Integration remains a signature challenge for healthcare. Fragmentation limits healthcare systems' ability to provide the right care, at the right time, at reasonable cost. This fragmentation is driven by several factors including the rapid expansion of medical knowledge and technology, and the related specialization among clinical professionals. These factors increase the number of hand-offs across organizational boundaries and geographic locations. In VA, major national redesign innovations such as Primary Care-Mental Health Integration (PC-MHI) and Patient-Aligned Care Teams (PACTs) have been initiated to promote integration across the boundaries of specialty, role, and physical location where information and patient hand-offs occur. The ultimate goal of these efforts is to enhance patient-centered care. However, the degree to which these integrating innovations at the structural and process level enhance the patient's experience of integrated care remains unknown.
The objectives of this study are to assess the extent to which Veterans experience their care as integrated, and to identify the alterable organizational characteristics and specific care processes that promote patient-experienced integrated care.
This is a mixed-methods study completed in two phases. In phase 1, we measured the extent of integrated care through patient and provider surveys, and administrative data from existing secondary databases. We then used patient, provider, PACT, and PC-MHI survey data to categorize sites by their level of patient-experienced integration (PEI) and provider perceptions of integration (based on PACT/PC-MHI implementation). Using these categorizations we chose 8 sites to be included in phase 2: 2 high, 2 low, and 4 mixed based on patient and provider data. In phase 2, leadership, managers and front line staff at the eight selected sites were interviewed using semi-structured interview guides to identify organizational characteristics and care processes that influence care integration.
In phase 1 we sent surveys to patients with diabetes and co-morbid conditions that differ on two dimensions -- domain (physical/mental health-related) and severity (low/high) -- and their providers. From these data we addressed the following questions: RQ1: how integrated is the care experienced by Veterans with diabetes, and does experienced integration vary among patients given differences in co-morbidity domain and extent of specialty care involvement, as well as differences in other patient-level characteristics? RQ2: in addition to patient-level characteristics, what provider and organizational characteristics relate to higher and lower levels of PEI among patients with different co-morbidity domains and severity? Using phase 2 interviews and phase 1 survey data, we also addressed RQ3: what specific policies, relationships within and between departments/services, managerial practices, and/or staff behaviors constitute the structures and processes that produce higher levels of PEI? For quantitative data analysis we used multiple linear regression with hierarchical modeling (RQ1-2). For qualitative data analysis, we used iterative qualitative methods, including the constant comparative method (RQ3).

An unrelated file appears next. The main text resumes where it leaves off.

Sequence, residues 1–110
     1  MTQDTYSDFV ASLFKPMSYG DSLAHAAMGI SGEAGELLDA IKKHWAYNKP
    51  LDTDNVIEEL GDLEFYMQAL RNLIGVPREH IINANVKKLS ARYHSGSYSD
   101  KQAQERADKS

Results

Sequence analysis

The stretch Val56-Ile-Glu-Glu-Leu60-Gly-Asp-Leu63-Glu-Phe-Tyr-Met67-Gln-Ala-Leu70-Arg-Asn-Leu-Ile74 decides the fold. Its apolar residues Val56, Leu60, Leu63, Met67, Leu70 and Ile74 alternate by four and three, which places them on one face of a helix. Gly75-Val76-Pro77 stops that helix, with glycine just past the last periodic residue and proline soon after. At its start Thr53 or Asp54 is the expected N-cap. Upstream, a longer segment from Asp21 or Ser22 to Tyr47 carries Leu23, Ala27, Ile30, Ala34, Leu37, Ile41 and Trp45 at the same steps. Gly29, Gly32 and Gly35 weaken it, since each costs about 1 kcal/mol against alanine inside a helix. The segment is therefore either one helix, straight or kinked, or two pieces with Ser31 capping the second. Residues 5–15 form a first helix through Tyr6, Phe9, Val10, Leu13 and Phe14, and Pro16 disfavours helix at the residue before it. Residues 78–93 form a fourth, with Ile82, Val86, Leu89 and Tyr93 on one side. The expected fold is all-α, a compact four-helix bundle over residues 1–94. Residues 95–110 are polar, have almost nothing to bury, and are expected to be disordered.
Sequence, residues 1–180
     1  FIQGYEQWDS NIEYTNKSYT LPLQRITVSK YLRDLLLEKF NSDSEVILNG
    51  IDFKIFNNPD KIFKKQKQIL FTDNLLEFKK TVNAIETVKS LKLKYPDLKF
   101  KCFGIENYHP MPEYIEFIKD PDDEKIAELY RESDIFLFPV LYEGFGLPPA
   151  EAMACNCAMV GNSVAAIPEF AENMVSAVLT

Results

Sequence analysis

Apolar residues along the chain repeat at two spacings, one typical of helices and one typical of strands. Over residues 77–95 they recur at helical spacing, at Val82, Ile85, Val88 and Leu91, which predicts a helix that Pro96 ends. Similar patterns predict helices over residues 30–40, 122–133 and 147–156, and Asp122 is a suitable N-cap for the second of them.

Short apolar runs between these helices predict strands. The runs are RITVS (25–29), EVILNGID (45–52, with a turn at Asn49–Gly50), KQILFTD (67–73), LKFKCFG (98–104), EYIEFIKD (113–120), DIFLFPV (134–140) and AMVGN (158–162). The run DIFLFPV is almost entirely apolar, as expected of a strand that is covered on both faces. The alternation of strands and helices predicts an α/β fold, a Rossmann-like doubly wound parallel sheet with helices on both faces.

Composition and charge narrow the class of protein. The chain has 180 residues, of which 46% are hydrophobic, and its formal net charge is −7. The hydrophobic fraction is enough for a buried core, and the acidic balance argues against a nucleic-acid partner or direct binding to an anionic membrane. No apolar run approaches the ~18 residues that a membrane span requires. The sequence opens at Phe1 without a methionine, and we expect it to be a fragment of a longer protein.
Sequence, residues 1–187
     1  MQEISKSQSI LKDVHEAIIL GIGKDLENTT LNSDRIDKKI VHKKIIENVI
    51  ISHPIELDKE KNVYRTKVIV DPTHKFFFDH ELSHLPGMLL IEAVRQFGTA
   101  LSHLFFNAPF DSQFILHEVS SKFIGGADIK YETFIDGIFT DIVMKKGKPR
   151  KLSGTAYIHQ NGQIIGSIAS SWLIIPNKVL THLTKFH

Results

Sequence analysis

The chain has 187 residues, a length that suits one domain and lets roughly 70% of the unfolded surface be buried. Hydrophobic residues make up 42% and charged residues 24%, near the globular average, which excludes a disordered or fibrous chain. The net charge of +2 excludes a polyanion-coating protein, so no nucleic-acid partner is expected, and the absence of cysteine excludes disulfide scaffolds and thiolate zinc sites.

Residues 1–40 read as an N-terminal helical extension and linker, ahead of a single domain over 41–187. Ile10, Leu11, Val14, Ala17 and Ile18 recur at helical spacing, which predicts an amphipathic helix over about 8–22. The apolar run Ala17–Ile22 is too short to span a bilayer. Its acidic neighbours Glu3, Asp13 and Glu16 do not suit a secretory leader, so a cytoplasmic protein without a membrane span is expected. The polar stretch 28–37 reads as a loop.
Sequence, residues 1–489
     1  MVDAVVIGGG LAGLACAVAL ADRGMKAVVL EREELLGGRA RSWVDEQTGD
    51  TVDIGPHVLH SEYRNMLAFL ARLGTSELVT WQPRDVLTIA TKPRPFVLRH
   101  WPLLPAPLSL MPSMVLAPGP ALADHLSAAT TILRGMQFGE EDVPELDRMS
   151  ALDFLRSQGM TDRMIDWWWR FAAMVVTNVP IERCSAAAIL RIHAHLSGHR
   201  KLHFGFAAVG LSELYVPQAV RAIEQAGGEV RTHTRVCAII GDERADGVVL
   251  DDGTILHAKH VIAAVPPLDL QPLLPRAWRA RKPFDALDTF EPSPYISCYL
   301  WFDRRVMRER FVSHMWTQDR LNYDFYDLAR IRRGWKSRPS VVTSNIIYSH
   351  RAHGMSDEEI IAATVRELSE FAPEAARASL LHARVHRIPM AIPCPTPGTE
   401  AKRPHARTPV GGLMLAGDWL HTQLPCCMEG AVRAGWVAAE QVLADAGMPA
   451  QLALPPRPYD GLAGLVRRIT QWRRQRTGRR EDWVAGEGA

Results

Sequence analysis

Response rates for the provider and patient surveys were 30% and 49%, respectively. A total of 89 semi-structured interviews with providers across all eight sites were completed. Several themes emerged from ongoing coding of successes and challenges to integrated care. We found that patient-experienced integration is associated with strong PACT huddle practices, same-day access to mental health services, and strong medical center leadership (i.e., service chiefs and quadrad). Integration is generally strengthened by mental health providers, clinical pharmacists and dieticians embedded in primacy care. Provider-experienced integration is associated with innovative PACT programs, and working to the top of license. Turnover, hiring, service agreements, and difficulties in the referral process were challenges in our previous primary care study in 2009 and remain serious challenges across sites.
By identifying alterable organizational characteristics and specific care processes that promote patient-experienced integrated care, as well as by better understanding the extent to which Veterans experience their care as integrated, VA may change policies and procedures to improve integrated, patient-centered care. This study has identified factors directly affecting integration, as well as nuances in their use that determine whether the practice is a facilitator or barrier to integration. For example, having service agreements between primary care and specialties can facilitate integration in the presence of trusting working relationships and good communication but can be a barrier when such relationships and communication are not present. Such additional information not only increases our understanding of the organizational practices but also provides a needed perspective to effectively implement improvements.
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Treatment - Observational